Student Support Must Be Grounded in Relationship

Author: Andy Wilson, Superintendent, Roscoe Collegiate ISD

In November, I attended a Zoom meeting with one of our P-TECH students who had a rough first semester. The student is capable of much greater academic success than what he had demonstrated.  In turn, each school employee softly admonished the student and vigorously encouraged him to implement a few supports that could turn his second semester into great success.  He was very apologetic and accepting of our coaching.  He was also a bit embarrassed as his mother, through tears, admonished him not quite as softly as the rest of us.  This student is 18 years old and in his first semester of university course work under the support of the RCISD P-TECH program.

As I seek out and reflect on material for my dissertation, one recurring theme to college success is student support.  I recently read an article outlining support systems for high school-aged students who had been academically disconnected, but were engaging in early college programing as an effort to reconnected them (Mathern et al., 2020).  The article describes holistic supports for students who are most at-risk of academic failure.

As we implement systems that increase student access to higher education, it is important to remember that student support is a critical element to student success.  The article offers numerous supports from tutoring to coaching to social services.  However, the underlying foundation of those supports is relationship.  The article describes life coaches who meet with students weekly.  They form relationships with the students and, in time, they come to know what the students need in order to be successful.  The article describes coaches who take soup to sick students in order to address attendance issues, walk students to social services when needed, and help students find jobs – not to mention academic tutoring and coaching. One student in the article recounted that the coaches were “on your back” and “wouldn’t let me quit” (Mathern et al., 2020). He further states that for him, it was a good thing.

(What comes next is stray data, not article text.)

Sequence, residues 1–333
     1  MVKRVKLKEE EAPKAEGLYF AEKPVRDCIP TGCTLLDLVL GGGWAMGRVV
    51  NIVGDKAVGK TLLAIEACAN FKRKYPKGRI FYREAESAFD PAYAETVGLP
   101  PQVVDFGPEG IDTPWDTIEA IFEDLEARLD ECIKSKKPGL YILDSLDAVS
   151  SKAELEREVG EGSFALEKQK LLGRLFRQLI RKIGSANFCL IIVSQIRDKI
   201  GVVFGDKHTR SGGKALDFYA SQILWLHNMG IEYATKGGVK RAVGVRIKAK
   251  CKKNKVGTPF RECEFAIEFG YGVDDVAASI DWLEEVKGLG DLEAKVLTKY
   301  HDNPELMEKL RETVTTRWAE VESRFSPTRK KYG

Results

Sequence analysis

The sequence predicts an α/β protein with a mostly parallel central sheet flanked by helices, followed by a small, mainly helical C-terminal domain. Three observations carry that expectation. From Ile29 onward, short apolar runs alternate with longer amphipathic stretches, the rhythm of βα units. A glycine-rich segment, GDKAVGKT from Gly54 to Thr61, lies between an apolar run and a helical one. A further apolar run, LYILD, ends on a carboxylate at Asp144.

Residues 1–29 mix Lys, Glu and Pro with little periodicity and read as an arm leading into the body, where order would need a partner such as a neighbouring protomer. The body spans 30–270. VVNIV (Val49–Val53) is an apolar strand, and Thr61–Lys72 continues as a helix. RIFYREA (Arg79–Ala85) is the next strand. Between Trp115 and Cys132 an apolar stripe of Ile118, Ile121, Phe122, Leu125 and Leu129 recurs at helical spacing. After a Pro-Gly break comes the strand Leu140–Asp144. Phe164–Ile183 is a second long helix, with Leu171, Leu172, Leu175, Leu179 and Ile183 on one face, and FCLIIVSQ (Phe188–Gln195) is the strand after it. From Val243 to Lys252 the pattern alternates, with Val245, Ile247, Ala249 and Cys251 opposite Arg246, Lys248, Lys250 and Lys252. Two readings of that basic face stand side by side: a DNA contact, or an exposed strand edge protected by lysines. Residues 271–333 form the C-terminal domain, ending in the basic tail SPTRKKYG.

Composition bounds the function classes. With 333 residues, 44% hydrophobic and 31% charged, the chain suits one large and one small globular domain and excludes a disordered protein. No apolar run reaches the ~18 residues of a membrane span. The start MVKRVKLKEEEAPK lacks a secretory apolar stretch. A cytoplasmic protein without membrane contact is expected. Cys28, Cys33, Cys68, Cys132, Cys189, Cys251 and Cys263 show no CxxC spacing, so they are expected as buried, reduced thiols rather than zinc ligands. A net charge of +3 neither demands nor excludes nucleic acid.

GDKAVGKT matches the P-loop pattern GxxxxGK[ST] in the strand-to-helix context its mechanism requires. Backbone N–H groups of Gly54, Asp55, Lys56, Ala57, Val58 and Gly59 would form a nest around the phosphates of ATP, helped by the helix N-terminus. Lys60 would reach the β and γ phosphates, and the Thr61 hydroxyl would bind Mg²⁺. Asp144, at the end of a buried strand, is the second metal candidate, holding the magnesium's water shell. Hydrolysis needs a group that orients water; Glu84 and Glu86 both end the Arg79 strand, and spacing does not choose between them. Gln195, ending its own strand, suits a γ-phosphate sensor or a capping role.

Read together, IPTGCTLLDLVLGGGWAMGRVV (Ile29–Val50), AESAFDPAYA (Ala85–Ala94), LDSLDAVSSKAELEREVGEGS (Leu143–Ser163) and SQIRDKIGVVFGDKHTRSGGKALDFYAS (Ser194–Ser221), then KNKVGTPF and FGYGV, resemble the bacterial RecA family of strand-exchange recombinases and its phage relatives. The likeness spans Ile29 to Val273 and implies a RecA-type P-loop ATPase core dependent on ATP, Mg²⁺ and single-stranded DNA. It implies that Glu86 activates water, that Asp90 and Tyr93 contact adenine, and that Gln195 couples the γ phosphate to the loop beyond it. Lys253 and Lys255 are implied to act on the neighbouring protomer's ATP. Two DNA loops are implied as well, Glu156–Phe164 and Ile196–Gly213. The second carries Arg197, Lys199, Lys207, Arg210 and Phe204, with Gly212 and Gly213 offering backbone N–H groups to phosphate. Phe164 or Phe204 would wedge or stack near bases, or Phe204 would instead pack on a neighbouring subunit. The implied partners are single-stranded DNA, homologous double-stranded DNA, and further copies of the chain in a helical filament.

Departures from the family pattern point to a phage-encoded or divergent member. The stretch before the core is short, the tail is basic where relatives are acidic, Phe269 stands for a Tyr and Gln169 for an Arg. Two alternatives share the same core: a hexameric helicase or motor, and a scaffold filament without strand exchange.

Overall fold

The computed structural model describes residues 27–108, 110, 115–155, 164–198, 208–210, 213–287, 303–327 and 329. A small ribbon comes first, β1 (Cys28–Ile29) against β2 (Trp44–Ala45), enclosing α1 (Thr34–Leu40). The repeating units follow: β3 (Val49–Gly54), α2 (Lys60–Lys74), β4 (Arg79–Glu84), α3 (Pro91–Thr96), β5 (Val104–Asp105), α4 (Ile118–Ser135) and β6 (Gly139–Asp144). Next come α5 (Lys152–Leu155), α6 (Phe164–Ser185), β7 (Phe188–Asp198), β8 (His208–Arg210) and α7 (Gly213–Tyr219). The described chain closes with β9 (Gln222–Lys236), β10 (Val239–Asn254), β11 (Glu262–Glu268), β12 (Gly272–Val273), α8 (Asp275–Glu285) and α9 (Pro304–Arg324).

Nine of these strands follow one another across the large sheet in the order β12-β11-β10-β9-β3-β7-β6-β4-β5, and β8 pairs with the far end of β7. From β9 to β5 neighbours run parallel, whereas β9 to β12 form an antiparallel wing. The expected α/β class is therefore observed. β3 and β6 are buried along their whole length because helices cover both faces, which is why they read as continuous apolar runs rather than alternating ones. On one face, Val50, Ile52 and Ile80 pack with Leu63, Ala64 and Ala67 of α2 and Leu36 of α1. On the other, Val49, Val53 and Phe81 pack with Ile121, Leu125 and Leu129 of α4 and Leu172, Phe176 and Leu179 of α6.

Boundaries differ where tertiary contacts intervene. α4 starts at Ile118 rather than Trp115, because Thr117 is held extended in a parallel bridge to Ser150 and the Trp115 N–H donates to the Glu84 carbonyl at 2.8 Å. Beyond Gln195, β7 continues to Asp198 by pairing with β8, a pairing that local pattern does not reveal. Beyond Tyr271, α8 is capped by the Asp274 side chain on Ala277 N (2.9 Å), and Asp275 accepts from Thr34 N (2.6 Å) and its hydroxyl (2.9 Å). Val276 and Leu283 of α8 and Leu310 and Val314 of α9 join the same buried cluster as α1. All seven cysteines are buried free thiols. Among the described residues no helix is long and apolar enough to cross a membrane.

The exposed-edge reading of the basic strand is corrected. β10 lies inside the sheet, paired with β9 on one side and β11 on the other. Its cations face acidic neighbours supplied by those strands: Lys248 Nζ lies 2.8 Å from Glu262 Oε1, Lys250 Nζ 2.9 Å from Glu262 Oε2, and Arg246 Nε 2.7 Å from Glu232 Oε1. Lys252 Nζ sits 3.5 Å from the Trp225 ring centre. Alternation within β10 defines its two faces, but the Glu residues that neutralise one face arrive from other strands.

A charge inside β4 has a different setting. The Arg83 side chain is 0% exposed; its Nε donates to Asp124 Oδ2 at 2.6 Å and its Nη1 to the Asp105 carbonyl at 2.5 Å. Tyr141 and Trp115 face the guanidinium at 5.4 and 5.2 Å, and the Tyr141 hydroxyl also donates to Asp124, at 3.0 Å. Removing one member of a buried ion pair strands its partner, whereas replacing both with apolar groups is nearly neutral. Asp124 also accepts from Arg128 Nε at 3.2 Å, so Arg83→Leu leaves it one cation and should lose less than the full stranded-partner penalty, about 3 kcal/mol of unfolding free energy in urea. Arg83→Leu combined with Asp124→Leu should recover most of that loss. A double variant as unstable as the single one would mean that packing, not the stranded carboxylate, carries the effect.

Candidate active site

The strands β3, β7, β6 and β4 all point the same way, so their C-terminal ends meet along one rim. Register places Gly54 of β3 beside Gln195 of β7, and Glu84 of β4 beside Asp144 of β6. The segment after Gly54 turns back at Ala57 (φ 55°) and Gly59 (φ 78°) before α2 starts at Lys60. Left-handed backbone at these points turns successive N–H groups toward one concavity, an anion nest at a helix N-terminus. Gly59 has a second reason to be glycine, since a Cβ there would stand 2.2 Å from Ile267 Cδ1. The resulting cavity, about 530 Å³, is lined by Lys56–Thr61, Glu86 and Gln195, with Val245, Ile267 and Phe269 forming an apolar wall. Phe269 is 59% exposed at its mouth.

During the fall semester (2020), I had the privilege of sitting around the table of one of San Angelo’s finest Mexican restaurants with several Roscoe Collegiate ISD P-TECH students. As they went around the table telling us stories of their first semester on the Angelo State campus, I was amazed at their excitement to be going to school.  I was also amazed at how well Morgan Martin (Dean of Continuing Education at RCISD) knew each of their stories, successes, and struggles. Another thing that was evident was the relationship between the students and their coach, Bailey Thompson.

We should not only be mindful of student support systems as we plan for and implement college access programs, but we should be careful to hire people who understand the critical role of relationship while supporting students.  “Personalizing supports starts with authentic relationships” (Mathern et al., 2020).

Mathern, N., Toner, M., & Achieving the Dream, I. (2020). A gateway to college for high school students. Equity in design for holistic student supports. A series of four briefs examining the support needs of different community college student populations

Comments 1

  1. I agree wholly with your premise, Mr. Wilson. Bill Daggett shared with us several years ago the NEW three R’s in education. (Most of us remember the old/traditional 3 R’s: Reading , ‘Riting, and ‘Rithmetic.”) Dr. Daggett ‘s new three R’s are Rigor, Relevance, and Relationships. I’ve always seen them listed that way. But I’ve always contended that RELATIONSHIPS will “trump” (no pun intended) the other two. Ask any student, and most will tell you that the reason they believe Mrs. Jones or Mr. Gonzales or Dr. Joubert is their favorite teacher (and from whom they learn most!) is because that teacher CARES–cares about them–and builds a relationship of respect and caring. The old adage is true: Students don’t care how much you know until they know how much you care.

    When students know you care about them, you can provide rigorous instruction and they will learn. And relevance? If they respect you enough, the only relevance they need is that you want them to do/learn it!

    Ask your clients–your students. Test Mr. Wilson’s premise. I believe you’ll find it to be true.

    Circling back, just a few months ago, I was on a Zoom call with Dr. Daggett. He was talking about the primacy of relationships–about social emotional learning. It was obvious to me that he believed that relationships was the “important” R to fuel the other two. I remarked how excited I was–and did I understand that the “order was RELATIONSHIPS and then RIGOR and RELEVANCE. He was adamant in stating that absolutely, relationships were key.

    Relationships–support for students in the totality of their lives–is important/invaluable for at-risk students. But they are equally important for ALL students. Support students, and you will establish a relationship that will sustain them and help them along their journey to academic, career, and personal success.

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